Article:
For music fans, visiting Memphis and Nashville is nothing short of a pilgrimage.
Like the Smokey Mountain dew on a misty morning, the music and old south traditions seemed to waft over the hills and down the main street of every little town we visited.
A banjo player and fiddler entertaining guests at a wood-framed country store, the strumming of a guitar from a dilapidated front porch, gospel music streaming from the open doors of a tiny, steeple topped Baptist church.
Like a soulful hymn, the mighty Mississippi anoints the Memphis riverbanks; the rolling hills of middle Tennessee and eastern Appalachia inspire songs of hardship and joy. In Tennessee, there’s no separating the music from these stirring backdrops.
It’s no surprise then that Tennessee’s two largest cities should become the conduit for everything from soulful blues and tender country heartache to foot tapping honky tonk and rock’n’roll.
And though the history of these great sounds and the lives of the legendary artists that performed them have been painstakingly preserved, Nashville and Memphis have unshackled themselves from the conventions of yesteryear while embracing the sounds of a seemingly endless stream of promising new talent.
Music fans are equally numerous, and there are plenty of characters to gawk at when strolling through Nashville’s honky tonk district. Cowboy boots, gaudy silver belt buckles and racy leather jackets are the attire of choice, and a sure-fire way to get newcomers into that Nashville spirit is to take a quick stroll up and down the city’s main music corridors of Second Avenue and Broadway.
This is where visitors will find all the cowboy – and cow gal – gear for that country look. And while it may cost more than a song and a dance, looking the part is as easy as two-steppin’ at the Wildhorse Saloon.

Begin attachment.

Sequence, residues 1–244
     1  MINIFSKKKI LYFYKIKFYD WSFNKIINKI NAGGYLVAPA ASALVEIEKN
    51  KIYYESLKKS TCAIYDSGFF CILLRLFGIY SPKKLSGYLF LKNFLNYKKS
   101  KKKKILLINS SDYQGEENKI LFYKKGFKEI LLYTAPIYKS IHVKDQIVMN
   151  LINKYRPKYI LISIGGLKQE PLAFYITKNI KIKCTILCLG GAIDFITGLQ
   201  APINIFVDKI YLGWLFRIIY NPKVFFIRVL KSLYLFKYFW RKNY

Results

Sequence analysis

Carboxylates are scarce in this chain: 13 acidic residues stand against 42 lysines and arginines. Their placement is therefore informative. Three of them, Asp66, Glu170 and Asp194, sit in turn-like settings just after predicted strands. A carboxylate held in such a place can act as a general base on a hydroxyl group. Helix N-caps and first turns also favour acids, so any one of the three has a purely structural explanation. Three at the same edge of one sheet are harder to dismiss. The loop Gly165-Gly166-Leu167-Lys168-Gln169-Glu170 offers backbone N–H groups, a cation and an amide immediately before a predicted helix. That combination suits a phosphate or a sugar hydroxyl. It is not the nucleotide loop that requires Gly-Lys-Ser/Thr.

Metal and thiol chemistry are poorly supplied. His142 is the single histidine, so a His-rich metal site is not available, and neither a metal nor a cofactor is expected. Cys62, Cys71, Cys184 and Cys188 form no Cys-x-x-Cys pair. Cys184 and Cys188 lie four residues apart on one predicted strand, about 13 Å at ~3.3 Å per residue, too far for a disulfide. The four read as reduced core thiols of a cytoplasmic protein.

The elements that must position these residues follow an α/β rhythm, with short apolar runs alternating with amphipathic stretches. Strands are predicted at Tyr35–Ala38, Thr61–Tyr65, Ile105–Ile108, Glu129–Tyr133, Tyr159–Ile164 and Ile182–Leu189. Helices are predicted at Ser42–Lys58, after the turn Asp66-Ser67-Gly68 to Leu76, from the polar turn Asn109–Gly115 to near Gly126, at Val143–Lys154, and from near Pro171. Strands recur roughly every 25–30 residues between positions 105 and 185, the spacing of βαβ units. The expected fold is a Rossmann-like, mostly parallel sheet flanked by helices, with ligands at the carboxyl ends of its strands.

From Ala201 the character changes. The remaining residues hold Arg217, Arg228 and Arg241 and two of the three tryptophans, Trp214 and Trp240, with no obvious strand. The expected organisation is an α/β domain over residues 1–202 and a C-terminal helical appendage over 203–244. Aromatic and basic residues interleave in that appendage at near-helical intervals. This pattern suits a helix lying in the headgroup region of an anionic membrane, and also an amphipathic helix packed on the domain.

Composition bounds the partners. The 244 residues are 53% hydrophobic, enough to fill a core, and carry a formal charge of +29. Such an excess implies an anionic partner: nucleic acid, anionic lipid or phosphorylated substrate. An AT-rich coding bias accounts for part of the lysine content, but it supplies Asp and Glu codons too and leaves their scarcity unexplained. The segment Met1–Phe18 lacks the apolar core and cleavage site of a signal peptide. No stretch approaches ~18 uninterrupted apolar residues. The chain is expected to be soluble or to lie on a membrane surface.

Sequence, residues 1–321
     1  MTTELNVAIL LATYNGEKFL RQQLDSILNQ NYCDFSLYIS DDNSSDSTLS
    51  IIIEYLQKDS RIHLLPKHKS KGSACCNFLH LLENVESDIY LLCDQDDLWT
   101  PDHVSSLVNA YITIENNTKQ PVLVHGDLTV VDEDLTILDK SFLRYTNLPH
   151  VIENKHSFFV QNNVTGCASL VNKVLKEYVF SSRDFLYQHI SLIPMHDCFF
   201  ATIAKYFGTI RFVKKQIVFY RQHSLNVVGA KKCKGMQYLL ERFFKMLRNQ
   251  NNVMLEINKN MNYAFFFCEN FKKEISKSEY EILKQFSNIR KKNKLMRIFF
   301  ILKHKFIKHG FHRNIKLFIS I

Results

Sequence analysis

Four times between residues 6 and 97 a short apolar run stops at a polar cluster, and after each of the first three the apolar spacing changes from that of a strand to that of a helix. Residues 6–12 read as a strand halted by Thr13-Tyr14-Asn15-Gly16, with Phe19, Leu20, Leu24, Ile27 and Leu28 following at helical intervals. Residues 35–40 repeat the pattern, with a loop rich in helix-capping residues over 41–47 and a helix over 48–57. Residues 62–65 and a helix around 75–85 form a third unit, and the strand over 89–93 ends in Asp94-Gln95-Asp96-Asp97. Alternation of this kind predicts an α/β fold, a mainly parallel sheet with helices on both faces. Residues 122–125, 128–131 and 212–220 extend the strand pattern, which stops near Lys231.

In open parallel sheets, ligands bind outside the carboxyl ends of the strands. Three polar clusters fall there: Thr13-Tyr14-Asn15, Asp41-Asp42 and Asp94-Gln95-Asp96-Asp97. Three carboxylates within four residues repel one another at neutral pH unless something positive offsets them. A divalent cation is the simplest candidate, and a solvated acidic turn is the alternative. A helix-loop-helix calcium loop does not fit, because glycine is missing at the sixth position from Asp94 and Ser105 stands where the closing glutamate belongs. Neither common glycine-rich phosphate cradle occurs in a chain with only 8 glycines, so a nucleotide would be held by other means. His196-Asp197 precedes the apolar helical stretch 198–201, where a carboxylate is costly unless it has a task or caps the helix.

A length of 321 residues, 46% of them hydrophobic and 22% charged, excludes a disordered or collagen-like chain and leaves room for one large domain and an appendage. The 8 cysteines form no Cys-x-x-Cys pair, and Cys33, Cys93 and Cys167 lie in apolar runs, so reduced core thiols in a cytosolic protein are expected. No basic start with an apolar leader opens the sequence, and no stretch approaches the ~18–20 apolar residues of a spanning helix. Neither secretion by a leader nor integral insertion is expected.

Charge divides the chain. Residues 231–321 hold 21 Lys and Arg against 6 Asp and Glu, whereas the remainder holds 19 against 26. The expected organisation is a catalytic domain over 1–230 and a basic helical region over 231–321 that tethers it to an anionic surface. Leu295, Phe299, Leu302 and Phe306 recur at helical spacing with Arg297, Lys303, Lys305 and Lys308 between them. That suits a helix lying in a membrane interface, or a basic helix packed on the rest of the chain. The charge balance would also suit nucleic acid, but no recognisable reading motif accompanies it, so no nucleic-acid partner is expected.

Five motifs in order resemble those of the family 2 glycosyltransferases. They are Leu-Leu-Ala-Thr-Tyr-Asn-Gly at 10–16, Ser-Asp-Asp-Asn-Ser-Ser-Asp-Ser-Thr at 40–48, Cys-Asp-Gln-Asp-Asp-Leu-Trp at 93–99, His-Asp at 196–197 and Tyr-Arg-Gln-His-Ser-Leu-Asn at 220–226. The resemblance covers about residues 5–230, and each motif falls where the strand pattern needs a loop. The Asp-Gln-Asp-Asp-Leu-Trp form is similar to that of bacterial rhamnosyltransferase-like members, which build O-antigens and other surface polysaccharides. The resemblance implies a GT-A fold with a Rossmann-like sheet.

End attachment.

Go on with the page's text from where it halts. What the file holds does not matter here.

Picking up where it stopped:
Buzzing with action from morning till, well, the next morning, this part of town is filled with lively music venues, and if the brightly lit neon signs go unnoticed, the beat of the music and cheers of the crowds won’t.
Tootsie’s Orchid Lounge is one blast from the past that still knows how to attract a crowd. The shabby appearance of the old bar only adds to the history-laden atmosphere of a place once frequented by such greats as Patsy Cline, Dolly Parton, Kris Kristofferson and Willie Nelson.
Across the street, an epic three-level music bonanza takes place at Honky Tonk Central. And if the cowboy hat has gone to your head, try the mechanical bull between acts at Tequila Cowboy.
Of course with music comes dancing, and even country wannabes with two left feet can feel the Nashville rhythm with free line-dance lessons at one of the city’s most popular spots, the Wildhorse Saloon.
For a change of pace, the gleaming Country Music Hall of Fame Museum provides music lovers with compelling exhibits which showcase the untold stories behind the origins of country music and the legends that made the sound so great.
Speaking of the greats, a Nashville trip would be incomplete without a visit to the grand dame of stage venues, the Grand Ole Opry. Like a plucky cherished friend who’s made it big, this legendary venue has catapulted musicians to super stardom.
Here the biggest country acts in the world can be found performing on stage for an audience of hundreds of thousands, with both an in-house crowd and radio listeners around the country.
Between November and January, the Opry moves back to the equally legendary 125-year-old Ryman Auditorium where the Opry’s nationwide radio show was broadcast from 1943 to 1974.